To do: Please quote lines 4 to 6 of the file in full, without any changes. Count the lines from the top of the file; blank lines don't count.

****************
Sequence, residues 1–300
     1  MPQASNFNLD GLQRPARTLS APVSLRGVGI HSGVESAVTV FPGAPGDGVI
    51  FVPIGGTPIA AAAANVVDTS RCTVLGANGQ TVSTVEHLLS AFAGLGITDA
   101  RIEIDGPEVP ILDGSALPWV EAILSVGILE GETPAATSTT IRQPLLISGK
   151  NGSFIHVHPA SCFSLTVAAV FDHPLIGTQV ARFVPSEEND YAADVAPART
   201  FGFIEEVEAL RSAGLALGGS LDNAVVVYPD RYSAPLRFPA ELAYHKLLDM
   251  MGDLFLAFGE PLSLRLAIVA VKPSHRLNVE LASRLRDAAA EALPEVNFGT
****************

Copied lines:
   101  RIEIDGPEVP ILDGSALPWV EAILSVGILE GETPAATSTT IRQPLLISGK
   151  NGSFIHVHPA SCFSLTVAAV FDHPLIGTQV ARFVPSEEND YAADVAPART
   201  FGFIEEVEAL RSAGLALGGS LDNAVVVYPD RYSAPLRFPA ELAYHKLLDM